Skip to content
Skip to main content

About this free course

Share this free course

Introduction to UK immigration law and becoming an immigration advisor
Introduction to UK immigration law and becoming an immigration advisor

Start this free course now. Just create an account and sign in. Enrol and complete the course for a free statement of participation or digital badge if available.

1 An overview of UK provisions for immigration law

As you learnt in Session 1 [Tip: hold Ctrl and click a link to open it in a new tab. (Hide tip)] , immigration law is reserved to the UK Parliament. Although UK Government policy informs immigration law, the ultimate authority on immigration law is the UK Parliament. The UK Parliament creates the legal provisions and delegates powers to Government Ministers and other bodies to make the detailed regulations that govern immigration law and the immigration system in the UK.

But what is immigration law? The simplest definition is that it sets out:

  • the rights of entry to the UK
  • the right of non-UK nationals to remain in the UK.

Laws on immigration began to emerge in the 20th century; there is now a complex legal framework governing immigration and the right to asylum in the UK. Immigration controls apply to:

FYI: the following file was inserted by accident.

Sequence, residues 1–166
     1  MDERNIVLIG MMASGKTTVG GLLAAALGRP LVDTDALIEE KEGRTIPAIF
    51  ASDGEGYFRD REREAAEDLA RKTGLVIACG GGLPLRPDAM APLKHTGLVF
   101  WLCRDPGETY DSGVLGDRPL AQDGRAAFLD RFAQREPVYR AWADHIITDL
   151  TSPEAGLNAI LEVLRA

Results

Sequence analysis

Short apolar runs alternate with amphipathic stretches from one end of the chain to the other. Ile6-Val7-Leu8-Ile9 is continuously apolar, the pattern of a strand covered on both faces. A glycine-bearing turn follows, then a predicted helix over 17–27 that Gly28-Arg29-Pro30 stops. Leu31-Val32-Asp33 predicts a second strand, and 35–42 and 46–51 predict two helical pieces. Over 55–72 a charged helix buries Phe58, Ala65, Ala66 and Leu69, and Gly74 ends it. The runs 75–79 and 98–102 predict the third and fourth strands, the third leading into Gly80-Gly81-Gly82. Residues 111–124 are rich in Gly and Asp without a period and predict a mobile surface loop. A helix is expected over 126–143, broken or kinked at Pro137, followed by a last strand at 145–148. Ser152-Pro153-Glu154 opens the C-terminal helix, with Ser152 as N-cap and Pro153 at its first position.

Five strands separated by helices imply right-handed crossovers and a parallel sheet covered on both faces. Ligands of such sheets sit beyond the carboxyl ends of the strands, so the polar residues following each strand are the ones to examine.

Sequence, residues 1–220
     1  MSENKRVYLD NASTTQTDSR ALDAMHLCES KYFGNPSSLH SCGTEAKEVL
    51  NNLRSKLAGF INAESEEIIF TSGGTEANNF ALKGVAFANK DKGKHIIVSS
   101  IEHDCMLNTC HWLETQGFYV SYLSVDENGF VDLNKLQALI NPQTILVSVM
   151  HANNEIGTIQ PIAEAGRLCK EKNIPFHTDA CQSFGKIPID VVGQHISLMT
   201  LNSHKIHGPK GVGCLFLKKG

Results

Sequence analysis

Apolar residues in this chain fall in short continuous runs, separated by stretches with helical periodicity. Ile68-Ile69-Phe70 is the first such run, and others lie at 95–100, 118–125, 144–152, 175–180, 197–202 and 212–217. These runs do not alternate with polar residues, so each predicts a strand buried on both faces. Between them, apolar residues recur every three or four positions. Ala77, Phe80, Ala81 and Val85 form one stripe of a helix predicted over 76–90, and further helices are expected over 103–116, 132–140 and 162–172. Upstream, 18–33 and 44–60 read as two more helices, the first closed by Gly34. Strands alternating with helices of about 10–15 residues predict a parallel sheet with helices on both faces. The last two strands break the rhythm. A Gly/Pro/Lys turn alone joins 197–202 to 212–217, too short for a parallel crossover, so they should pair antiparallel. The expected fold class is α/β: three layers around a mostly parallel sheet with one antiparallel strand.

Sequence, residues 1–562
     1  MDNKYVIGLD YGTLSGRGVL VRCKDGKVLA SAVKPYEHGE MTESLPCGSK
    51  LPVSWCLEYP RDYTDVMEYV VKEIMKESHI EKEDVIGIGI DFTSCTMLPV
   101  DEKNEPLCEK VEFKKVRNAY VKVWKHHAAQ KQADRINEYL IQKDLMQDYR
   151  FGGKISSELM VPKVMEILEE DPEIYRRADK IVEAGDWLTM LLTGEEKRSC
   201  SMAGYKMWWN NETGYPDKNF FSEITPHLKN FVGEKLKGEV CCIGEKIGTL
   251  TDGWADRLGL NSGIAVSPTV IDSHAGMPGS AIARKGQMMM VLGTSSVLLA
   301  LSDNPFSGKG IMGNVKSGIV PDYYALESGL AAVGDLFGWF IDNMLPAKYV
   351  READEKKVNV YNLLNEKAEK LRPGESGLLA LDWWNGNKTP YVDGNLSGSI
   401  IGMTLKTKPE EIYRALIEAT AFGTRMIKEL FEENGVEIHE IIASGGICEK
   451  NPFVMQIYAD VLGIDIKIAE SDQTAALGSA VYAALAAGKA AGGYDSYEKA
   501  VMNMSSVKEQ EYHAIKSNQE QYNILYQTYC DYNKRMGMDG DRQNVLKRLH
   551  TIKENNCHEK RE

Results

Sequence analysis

• migrants – someone who changes their country of usual residence
  • asylum-seekers – according to the 1951 Refugee Convention, someone who changes their country of usual residence ‘from fear of persecution for reasons of race, religion, social group, or political opinion’.

Figures on migration into the UK vary from year to year, and the UK Government’s decision to set migration targets has been contentious (GOV.UK, 2021a). To set the law in context, around 10% of the UK’s population has a non-UK nationality. Data on immigration is often contested, and the system for collecting data is not as robust as many would like.

Described image
Figure 1 Rates of immigration and migration, August 2020.

Immigration laws and immigration control are maintained through a wide variety of sources and means, including:

  • primary legislation of the UK Parliament
  • secondary legislation of the UK Parliament
  • Immigration Rules
  • Home Office policy
  • obligations under international conventions
  • the discretion of the Secretary of State to admit a person who does not satisfy any of the above.

These sources are amended and updated regularly.

One of the skills that an immigration adviser develops is understanding which law should apply to the facts they have been given. Whilst in many cases it will be the current law, there are applications where the law applicable will be the law at the date of application, or the law at the date of entry into the UK.